We walked to the halfway point, enjoying the spectacular views of San Francisco, Alcatraz and the San Francisco Bay. There were lots of tourists walking and bike riding on the Bridge. In the water we saw sea lions, including this one with a big fish in his mouth. Several sea gulls were diving down fighting him for the fish. On the other side of the Bridge we could see the Pacific Ocean and a viewpoint which we later drove to with the most magnificent views of the Bridge and city.
As World War II approached, the Army made further improvements to the Harbor Defenses of San Francisco. They had plans to install a 16-inch gun high on the hill but when the gun arrived the decision was made to abandon the plan. Thus leaving this concrete mount and tunnels. It had been an easy quick 35 minute drive to the Bridge that morning but later that afternoon it was a slow stop and go, hour and fifteen minute drive back home.
After getting new tires we were ready to get back on the road and continue our travels. While heavy traffic doesn’t bother Bill, I wasn’t looking forward to the drive around San Francisco and through San Jose. We had three route options and after asking for advice from locals we chose the route which took us furthest around San Francisco rather than over the Golden Gate Bridge or through the bay area. Leaving the Elks Lodge we meandered through some vineyards and eventually on the interstate. The worst traffic was around Walnut Creek. We continued around the bay to San Jose, the center of the Silicon Valley. All in all the traffic wasn’t nearly as bad as I had feared. We reached Morgan Hill and were almost at our campground destination when we were stopped by a sign saying the road had a bridge ahead which was restricted to traffic under seven tons. Oops! I called the campground to get their advice only to have no one answer at either number. Not willing to take a chance, we had to find an alternate route nineteen miles out of our way and many narrow passages. When we arrived at the campground and asked about the bridge restriction they told us that was just something the locals put up to keep big trucks off the road. Grrrrr…..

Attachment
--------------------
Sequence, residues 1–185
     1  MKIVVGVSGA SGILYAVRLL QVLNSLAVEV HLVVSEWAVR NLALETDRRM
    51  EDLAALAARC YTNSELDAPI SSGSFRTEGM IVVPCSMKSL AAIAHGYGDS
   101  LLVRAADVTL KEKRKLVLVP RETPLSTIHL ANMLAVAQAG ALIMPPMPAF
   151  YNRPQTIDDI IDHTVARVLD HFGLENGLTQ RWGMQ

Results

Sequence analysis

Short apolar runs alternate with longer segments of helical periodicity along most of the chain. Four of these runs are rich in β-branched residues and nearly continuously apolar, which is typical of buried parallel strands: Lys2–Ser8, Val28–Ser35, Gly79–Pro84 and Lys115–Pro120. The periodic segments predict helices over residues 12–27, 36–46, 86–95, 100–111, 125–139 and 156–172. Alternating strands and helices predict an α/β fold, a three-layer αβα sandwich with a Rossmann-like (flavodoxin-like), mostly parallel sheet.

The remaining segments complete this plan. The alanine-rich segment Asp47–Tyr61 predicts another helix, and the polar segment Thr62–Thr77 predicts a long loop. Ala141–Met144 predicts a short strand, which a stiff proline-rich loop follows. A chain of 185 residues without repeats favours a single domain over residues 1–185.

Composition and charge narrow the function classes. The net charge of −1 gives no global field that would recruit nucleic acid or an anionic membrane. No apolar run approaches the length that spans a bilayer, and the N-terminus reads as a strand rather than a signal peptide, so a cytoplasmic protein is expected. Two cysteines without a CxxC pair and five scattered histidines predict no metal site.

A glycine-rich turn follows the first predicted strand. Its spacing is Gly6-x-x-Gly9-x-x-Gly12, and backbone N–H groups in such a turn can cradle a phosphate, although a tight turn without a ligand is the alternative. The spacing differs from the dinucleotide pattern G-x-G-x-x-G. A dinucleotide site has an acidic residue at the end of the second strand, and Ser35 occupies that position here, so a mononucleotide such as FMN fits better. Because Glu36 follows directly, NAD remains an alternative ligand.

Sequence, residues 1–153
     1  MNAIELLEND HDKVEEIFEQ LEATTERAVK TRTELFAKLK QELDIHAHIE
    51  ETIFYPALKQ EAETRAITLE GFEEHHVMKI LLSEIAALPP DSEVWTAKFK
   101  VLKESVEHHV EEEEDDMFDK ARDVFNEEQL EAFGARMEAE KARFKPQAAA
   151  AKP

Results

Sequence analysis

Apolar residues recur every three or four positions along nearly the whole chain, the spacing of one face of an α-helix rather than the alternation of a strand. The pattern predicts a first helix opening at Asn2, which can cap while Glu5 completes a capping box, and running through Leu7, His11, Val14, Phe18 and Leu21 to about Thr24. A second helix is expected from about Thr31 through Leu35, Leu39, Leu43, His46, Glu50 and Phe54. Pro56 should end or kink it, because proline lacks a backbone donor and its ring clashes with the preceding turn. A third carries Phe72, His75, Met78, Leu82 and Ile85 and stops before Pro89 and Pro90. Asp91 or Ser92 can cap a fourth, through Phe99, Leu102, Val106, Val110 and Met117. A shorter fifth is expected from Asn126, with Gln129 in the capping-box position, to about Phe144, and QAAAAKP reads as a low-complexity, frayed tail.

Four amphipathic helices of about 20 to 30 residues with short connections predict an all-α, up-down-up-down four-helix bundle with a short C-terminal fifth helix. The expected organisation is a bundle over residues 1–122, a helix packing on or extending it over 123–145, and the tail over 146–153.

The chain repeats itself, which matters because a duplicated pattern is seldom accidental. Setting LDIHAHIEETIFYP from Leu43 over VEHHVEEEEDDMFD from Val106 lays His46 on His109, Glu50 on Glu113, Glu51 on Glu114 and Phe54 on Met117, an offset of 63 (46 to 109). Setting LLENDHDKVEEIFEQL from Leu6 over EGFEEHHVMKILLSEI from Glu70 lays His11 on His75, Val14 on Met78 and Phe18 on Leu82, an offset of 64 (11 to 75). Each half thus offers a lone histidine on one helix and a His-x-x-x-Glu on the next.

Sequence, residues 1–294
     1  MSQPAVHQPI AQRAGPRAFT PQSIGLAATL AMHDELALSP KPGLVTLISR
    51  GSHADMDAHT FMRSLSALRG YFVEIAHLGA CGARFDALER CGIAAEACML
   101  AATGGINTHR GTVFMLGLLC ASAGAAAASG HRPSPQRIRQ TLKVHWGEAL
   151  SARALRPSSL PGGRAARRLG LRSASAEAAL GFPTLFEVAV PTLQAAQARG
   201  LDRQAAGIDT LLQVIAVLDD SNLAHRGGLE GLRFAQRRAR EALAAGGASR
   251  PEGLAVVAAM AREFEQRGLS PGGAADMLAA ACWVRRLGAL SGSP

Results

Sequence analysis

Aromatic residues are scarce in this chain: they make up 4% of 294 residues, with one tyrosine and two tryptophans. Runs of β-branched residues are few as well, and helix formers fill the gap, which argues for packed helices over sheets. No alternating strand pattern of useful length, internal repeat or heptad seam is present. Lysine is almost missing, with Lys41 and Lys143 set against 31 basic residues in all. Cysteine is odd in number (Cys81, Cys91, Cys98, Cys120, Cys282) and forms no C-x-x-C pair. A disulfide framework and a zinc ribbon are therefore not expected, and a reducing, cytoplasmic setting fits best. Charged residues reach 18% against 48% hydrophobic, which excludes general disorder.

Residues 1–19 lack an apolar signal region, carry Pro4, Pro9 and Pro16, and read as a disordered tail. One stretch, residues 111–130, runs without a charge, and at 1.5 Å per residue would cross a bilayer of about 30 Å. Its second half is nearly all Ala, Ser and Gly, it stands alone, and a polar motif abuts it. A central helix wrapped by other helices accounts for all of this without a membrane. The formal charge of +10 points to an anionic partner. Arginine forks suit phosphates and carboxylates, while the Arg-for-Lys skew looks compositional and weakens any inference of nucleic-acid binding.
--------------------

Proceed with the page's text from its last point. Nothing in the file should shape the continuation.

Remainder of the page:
We are now safely at Morgan Hill, California for four days.
Next up: Back to the coast